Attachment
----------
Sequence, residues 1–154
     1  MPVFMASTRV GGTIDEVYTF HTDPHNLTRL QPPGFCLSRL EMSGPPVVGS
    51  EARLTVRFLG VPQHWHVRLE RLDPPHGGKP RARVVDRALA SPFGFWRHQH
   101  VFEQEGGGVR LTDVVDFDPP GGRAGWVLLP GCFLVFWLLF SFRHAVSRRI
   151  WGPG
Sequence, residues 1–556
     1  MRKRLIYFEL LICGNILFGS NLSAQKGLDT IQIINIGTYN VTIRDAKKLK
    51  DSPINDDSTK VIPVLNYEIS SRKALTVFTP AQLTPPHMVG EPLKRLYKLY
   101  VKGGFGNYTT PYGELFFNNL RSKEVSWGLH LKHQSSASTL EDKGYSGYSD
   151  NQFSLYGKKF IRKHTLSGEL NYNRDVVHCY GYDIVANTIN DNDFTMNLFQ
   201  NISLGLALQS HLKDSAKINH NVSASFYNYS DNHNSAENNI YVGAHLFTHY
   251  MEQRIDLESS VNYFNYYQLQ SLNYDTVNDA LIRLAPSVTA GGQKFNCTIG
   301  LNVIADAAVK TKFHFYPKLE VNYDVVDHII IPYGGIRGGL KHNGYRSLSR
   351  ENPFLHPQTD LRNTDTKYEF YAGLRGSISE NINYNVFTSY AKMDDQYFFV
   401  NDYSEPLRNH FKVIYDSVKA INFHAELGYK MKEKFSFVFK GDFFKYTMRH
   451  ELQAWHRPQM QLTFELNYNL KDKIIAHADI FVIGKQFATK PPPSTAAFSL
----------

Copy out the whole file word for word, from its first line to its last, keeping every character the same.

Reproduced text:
Sequence, residues 1–154
     1  MPVFMASTRV GGTIDEVYTF HTDPHNLTRL QPPGFCLSRL EMSGPPVVGS
    51  EARLTVRFLG VPQHWHVRLE RLDPPHGGKP RARVVDRALA SPFGFWRHQH
   101  VFEQEGGGVR LTDVVDFDPP GGRAGWVLLP GCFLVFWLLF SFRHAVSRRI
   151  WGPG
Sequence, residues 1–556
     1  MRKRLIYFEL LICGNILFGS NLSAQKGLDT IQIINIGTYN VTIRDAKKLK
    51  DSPINDDSTK VIPVLNYEIS SRKALTVFTP AQLTPPHMVG EPLKRLYKLY
   101  VKGGFGNYTT PYGELFFNNL RSKEVSWGLH LKHQSSASTL EDKGYSGYSD
   151  NQFSLYGKKF IRKHTLSGEL NYNRDVVHCY GYDIVANTIN DNDFTMNLFQ
   201  NISLGLALQS HLKDSAKINH NVSASFYNYS DNHNSAENNI YVGAHLFTHY
   251  MEQRIDLESS VNYFNYYQLQ SLNYDTVNDA LIRLAPSVTA GGQKFNCTIG
   301  LNVIADAAVK TKFHFYPKLE VNYDVVDHII IPYGGIRGGL KHNGYRSLSR
   351  ENPFLHPQTD LRNTDTKYEF YAGLRGSISE NINYNVFTSY AKMDDQYFFV
   401  NDYSEPLRNH FKVIYDSVKA INFHAELGYK MKEKFSFVFK GDFFKYTMRH
   451  ELQAWHRPQM QLTFELNYNL KDKIIAHADI FVIGKQFATK PPPSTAAFSL